How to Make a News Release Work
First, let’s get some terms straight. These days, journalism schools are teaching students that a “press release” should be called a “news release.” Last time I heard, television, radio, cable and the Web don’t use printing presses. So starting now, it’s a news release.
Don’t be shocked, but there’s a really good chance your news release will be deleted without anyone really looking at it. Even if they do, there’s also a chance they won’t think it’s as important as you do. The fact is, a busy, large city newsroom gets hundreds of releases a week. I know. I’ve been there. There’s a whole lot of competition for space and airtime.
Still, if you have a good story to tell (and let me repeat . . . if you have a good story to tell) and you tell it effectively, a news release can be a great way to get some free publicity.
So how do you write an effective release that makes news?
1. Have a real story to tell. It’s OK to release information about a new lawyer joining your firm. But don’t expect a lot of coverage, other than a few lines in the law trades or business journals, unless you are hiring Robert Shapiro or Gloria Allred. There’s a much better chance of getting significant mass media coverage if you have some interesting feature material. For example, I once got great coverage for an adoption attorney who personally visited dozens of foreign countries and lobbied to change laws to allow orphans to be more easily adopted by U.S. families.
2. Write it creatively. Remember that the headline and the lead sentence to your story is everything. Often, that’s the only thing an editor will read. Make it compelling. Don’t write your article “upside down” — put the most important information at the top of the story rather than the end. Save the information about your law firm for later in the release. Keep it all on one page if you can. Or, if you need a second page, put the background on your law firm at the end. Take the news release on the adoption lawyer, for instance:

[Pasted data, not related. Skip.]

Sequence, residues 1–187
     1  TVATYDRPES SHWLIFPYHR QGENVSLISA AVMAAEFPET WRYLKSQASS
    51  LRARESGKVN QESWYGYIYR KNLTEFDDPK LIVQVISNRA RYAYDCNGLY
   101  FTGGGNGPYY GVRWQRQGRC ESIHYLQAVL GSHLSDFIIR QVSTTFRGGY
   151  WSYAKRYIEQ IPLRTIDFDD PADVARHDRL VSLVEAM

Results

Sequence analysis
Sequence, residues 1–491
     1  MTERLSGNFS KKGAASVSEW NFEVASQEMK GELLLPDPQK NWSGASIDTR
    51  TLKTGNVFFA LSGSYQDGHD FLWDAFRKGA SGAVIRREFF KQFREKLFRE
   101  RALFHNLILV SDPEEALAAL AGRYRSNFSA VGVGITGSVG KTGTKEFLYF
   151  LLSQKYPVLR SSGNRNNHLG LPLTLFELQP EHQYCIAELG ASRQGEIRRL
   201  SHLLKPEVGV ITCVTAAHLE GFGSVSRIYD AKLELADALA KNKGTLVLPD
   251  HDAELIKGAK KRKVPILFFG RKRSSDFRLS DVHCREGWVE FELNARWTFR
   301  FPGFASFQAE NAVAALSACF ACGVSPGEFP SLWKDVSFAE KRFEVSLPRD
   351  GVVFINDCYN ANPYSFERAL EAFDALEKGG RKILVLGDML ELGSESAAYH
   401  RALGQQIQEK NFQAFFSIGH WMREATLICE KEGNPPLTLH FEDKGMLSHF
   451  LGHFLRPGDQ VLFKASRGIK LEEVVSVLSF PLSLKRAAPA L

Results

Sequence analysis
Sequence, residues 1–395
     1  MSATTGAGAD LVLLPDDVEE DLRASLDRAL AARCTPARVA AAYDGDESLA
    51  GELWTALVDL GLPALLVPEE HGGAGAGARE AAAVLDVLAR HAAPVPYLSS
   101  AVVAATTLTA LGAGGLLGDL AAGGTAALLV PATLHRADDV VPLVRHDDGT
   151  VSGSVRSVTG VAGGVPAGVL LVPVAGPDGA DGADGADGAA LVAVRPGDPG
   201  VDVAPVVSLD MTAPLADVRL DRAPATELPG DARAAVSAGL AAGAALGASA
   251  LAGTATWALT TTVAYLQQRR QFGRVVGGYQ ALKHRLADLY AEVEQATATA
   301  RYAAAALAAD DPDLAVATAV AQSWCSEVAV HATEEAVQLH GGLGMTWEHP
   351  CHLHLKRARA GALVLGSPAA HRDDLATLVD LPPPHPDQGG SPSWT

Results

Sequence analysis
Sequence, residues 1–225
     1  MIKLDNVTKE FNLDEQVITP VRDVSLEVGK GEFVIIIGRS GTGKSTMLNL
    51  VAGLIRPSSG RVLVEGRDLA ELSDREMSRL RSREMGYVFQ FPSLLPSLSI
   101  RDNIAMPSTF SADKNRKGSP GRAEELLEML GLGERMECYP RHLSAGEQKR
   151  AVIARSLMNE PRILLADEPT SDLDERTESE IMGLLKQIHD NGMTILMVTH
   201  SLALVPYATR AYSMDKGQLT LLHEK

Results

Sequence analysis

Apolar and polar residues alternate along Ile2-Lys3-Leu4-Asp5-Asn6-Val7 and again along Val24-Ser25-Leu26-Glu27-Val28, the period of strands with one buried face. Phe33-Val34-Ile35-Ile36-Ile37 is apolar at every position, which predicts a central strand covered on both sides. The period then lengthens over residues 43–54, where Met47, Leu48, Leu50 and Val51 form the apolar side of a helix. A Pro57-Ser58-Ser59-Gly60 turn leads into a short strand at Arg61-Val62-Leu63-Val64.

Bad lead: “The Law Firm of Jones & Smith, named one of the best law firms in the state for the 20th consecutive year, has announced that attorney and partner Rita Jones will be travelling to Africa to visit orphanages. Jones has been with the firm for 12 years, after serving in the U.S. Prosecutor’s Office.”
Better lead: “Worldwide there are a staggering 17.9 million children who have lost both parents and are living in orphanages or on the streets. Attorney Rita Jones has decided to do something about it.”
3. Skip the adjectives and editorial comments, such as “This brave attorney embarks on yet another extraordinary journey.” Write clearly and concisely.
4. Include some meaningful quotes.
Weak quote: “Firm Founder and President Bernard Smith noted, “We at Jones & Smith are extremely proud of our partner Rita Jones as this Super Lawyer takes law to another level. Blah, blah and blah.”
Better quote: “Many of these children are undernourished and generally not cared for. Sadly, in certain countries too many of them end up victims of human trafficking. My goal is to fight for global change,” said Rita Jones.
Getting Your News in the Right Hands
Now that you’ve written that great release and it’s been well proofed (please don’t forget that, or your firm will look silly), all you need to do is mail it to all the news media in your area, right? Wrong. Your work is only half done. The challenging part is getting your news release into the right hands.